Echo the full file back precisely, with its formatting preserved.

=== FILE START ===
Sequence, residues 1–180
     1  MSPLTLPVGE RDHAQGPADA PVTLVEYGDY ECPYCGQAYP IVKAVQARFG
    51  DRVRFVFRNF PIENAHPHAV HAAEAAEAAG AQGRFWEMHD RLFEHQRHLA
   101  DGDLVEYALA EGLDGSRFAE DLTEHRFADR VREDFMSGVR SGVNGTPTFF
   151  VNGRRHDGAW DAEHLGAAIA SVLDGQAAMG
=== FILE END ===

Sequence, residues 1–180
     1  MSPLTLPVGE RDHAQGPADA PVTLVEYGDY ECPYCGQAYP IVKAVQARFG
    51  DRVRFVFRNF PIENAHPHAV HAAEAAEAAG AQGRFWEMHD RLFEHQRHLA
   101  DGDLVEYALA EGLDGSRFAE DLTEHRFADR VREDFMSGVR SGVNGTPTFF
   151  VNGRRHDGAW DAEHLGAAIA SVLDGQAAMG